The analysis could suggest one in four people who died with coronavirus may have died anyway
An analysis of death notices on RIP.ie has estimated there have been in excess of 3,200 deaths from Covid-19 across the country.
The research, conducted by Maynooth University and the University of Limerick, indicates that 3,200 more people died in the State between March 1, 2020, and February 28, 2021, than would have died in a typical 12-month period in Ireland.
The Department of Health has reported 4,847 coronavirus-related fatalities in the Republic of Ireland since the beginning of the pandemic.
However, of these deaths a person may have died with Covid-19 - but the virus may not have been responsible for their death.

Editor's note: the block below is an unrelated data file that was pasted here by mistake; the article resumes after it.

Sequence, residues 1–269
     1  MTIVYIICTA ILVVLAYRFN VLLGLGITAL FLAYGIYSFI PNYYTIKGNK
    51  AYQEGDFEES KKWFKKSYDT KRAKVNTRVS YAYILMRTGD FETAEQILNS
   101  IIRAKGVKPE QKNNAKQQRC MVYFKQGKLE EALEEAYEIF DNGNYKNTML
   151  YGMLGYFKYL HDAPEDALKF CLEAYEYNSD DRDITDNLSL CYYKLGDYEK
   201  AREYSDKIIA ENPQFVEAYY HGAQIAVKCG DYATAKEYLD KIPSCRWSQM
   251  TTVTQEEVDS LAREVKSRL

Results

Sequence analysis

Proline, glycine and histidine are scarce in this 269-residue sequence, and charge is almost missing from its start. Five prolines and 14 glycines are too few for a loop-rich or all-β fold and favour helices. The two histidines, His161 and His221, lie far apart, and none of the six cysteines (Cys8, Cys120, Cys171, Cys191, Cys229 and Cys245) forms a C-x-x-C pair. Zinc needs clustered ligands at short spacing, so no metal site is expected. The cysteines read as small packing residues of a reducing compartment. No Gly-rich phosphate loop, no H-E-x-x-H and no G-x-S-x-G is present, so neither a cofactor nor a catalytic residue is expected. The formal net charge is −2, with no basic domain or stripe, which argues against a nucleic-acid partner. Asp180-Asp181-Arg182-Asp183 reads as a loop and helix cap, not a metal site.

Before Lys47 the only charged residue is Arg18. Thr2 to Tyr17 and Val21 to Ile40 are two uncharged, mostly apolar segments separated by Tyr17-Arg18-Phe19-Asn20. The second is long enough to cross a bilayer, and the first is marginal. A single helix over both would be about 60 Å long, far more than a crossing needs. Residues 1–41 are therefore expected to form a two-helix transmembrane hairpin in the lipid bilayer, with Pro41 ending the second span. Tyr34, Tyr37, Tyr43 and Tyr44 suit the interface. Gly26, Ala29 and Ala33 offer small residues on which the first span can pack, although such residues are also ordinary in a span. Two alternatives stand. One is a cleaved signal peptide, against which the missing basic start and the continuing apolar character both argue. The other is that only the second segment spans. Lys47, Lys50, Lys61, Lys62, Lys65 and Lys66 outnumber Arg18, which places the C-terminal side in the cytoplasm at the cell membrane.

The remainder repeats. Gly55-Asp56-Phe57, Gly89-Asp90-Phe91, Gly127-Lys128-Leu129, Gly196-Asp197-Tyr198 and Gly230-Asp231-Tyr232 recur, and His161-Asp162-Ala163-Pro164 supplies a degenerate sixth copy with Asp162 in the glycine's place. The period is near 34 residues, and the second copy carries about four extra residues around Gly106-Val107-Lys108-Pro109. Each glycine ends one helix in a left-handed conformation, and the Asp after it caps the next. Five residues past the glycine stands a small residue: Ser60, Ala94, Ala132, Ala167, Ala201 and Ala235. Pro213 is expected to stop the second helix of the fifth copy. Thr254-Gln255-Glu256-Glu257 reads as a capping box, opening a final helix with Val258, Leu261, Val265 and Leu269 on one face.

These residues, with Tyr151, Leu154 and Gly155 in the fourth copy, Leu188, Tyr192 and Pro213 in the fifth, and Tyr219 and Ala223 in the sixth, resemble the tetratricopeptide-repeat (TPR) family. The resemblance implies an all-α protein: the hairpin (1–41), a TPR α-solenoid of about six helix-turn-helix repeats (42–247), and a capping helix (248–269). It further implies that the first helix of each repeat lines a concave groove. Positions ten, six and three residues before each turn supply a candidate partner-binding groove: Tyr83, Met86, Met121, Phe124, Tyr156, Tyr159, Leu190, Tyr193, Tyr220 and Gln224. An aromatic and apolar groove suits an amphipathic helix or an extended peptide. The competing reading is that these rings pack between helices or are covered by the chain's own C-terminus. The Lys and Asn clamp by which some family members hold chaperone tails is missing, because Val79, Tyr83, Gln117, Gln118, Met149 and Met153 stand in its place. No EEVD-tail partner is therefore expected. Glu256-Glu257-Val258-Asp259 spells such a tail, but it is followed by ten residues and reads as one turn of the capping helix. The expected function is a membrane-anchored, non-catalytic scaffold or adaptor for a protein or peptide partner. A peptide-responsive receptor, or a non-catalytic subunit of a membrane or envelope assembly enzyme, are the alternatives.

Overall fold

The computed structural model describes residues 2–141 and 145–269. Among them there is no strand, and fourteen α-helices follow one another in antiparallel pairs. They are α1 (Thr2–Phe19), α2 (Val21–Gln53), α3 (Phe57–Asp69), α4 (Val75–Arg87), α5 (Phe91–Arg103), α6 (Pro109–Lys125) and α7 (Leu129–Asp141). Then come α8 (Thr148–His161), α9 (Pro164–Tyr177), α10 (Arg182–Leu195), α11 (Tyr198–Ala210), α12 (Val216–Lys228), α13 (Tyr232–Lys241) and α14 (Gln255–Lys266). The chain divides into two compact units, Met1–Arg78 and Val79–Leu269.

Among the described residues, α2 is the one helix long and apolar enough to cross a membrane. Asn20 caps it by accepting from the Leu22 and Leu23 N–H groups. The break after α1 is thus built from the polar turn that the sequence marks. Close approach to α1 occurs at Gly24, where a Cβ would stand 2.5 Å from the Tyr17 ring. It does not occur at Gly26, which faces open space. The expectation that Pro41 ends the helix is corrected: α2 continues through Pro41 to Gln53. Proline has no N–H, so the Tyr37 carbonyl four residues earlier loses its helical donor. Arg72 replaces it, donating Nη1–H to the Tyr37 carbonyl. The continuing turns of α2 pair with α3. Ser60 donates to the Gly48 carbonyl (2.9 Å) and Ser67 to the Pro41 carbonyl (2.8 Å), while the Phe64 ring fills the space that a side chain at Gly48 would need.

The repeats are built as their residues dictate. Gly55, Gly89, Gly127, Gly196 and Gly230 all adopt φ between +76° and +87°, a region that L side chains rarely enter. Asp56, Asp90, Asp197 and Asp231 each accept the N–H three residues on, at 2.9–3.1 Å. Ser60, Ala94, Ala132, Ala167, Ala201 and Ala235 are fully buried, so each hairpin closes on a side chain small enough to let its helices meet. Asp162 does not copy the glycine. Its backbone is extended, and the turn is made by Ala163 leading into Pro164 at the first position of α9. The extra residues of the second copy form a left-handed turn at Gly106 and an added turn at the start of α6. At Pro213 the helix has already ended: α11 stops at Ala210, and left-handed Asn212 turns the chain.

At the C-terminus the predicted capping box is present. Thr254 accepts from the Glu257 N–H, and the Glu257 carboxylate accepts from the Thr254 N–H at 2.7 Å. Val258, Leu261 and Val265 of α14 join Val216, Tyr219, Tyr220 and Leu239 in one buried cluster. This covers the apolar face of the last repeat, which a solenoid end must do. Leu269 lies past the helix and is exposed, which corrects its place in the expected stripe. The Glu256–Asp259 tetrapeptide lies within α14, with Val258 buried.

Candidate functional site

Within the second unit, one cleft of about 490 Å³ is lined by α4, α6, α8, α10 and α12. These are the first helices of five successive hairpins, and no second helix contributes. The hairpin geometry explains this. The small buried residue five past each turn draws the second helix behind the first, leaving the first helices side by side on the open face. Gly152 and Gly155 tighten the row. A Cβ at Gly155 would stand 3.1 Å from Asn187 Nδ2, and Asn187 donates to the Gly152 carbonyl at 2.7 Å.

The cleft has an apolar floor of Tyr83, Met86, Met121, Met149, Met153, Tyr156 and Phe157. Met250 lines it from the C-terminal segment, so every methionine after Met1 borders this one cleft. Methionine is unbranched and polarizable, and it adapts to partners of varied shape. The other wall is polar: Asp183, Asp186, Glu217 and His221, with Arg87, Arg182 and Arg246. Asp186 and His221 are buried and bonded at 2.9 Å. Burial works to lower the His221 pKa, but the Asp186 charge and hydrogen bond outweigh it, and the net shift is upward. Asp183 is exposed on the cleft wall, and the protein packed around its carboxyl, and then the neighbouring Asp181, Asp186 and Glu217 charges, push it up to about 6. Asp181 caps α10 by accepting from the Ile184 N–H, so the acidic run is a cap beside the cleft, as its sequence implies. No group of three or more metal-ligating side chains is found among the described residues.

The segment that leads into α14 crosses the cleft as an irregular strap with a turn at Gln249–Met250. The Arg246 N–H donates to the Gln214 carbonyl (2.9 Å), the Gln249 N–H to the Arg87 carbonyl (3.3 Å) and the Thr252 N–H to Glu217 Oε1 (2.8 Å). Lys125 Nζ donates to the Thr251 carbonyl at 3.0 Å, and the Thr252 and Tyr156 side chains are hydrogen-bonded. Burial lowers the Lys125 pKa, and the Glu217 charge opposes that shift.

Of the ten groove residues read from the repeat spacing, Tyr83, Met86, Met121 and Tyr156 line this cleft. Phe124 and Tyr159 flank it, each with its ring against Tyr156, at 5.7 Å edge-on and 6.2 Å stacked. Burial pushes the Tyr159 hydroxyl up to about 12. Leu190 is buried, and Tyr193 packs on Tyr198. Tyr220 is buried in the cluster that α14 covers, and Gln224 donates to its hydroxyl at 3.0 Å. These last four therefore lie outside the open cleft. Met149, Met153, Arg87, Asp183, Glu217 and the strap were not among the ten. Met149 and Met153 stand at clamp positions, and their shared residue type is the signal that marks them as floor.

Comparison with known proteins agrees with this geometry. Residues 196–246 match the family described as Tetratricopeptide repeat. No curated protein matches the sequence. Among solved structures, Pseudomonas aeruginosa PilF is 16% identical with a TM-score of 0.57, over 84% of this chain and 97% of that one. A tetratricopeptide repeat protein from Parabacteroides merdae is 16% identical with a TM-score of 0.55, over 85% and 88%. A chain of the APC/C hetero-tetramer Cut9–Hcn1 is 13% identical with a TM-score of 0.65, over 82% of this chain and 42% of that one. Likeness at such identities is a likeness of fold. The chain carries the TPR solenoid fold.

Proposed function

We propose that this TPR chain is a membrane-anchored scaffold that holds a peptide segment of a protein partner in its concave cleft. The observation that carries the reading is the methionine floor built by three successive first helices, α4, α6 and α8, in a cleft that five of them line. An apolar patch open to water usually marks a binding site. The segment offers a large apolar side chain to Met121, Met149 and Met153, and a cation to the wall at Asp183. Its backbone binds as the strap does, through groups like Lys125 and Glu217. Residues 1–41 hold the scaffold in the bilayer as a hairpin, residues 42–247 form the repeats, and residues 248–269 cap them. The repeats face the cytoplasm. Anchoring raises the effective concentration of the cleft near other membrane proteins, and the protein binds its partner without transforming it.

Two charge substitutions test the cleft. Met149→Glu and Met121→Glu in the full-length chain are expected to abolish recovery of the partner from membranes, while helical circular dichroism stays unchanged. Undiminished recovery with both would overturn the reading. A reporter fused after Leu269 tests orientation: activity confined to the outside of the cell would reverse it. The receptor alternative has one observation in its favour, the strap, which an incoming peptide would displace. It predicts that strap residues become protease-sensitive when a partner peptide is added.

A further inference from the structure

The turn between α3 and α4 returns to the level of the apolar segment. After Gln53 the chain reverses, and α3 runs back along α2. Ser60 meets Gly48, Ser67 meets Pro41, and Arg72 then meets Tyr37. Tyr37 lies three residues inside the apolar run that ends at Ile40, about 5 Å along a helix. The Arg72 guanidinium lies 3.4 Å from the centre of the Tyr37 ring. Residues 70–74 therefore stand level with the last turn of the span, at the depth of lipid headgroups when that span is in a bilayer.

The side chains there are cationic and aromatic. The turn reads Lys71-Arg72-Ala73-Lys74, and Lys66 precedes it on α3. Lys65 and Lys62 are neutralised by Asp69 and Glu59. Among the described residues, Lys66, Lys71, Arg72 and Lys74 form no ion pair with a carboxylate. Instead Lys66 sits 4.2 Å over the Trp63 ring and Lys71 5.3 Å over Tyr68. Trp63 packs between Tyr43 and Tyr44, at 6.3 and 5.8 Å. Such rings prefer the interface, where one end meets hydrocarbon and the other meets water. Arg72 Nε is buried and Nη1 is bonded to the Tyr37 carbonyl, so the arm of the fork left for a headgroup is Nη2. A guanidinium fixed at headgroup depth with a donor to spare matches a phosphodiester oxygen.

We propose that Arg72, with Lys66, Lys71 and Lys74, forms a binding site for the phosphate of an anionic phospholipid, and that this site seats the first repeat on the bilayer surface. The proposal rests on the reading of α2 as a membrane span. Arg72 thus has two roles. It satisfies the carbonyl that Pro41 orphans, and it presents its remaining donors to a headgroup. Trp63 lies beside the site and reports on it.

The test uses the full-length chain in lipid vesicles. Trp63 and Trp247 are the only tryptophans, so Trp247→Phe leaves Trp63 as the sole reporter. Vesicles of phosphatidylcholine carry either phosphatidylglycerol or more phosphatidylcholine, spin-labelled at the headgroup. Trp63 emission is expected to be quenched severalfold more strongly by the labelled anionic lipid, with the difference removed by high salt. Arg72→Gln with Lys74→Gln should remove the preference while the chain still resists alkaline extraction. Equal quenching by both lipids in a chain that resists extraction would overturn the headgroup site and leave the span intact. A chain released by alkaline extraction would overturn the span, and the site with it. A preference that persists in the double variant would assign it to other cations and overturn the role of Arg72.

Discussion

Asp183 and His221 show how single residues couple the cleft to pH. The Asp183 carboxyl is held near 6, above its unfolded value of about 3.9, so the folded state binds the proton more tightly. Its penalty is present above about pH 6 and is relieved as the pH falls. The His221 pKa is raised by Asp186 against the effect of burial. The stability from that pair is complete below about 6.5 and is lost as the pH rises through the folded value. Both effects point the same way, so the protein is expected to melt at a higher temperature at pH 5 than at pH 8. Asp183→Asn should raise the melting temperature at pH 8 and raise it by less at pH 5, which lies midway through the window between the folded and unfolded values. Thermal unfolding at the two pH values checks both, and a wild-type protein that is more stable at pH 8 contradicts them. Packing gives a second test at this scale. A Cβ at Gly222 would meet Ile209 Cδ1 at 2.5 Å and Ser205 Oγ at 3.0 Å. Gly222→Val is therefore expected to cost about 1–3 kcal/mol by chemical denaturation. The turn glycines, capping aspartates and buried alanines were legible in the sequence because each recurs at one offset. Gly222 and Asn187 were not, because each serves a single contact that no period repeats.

This new analysis aims to reveal early indications of how many people died directly from the virus, as official statistics may take up to two years.
The analysis, which was revealed on RTÉ’s Prime Time, represents a 10pc increase in deaths than normal in a year.
Dr Gerard McCarthy, one of the leaders of the research, told the programme that there is a need to be cautious with comparing this new analysis and what the Department of Health has reported, but that it could suggest one in four people who died with coronavirus may have died anyway.
The biggest increase in death notices on the website was during March and April 2020 and January and February 2021 - which was when the two biggest spikes of Covid-19 in the country occurred.
Around 1,300 more people than expected died during this first spike, according to the analysis.
Monaghan and Cavan were the worst affected counties over the 12-month period, with 30pc more deaths reported on the site than the previous year.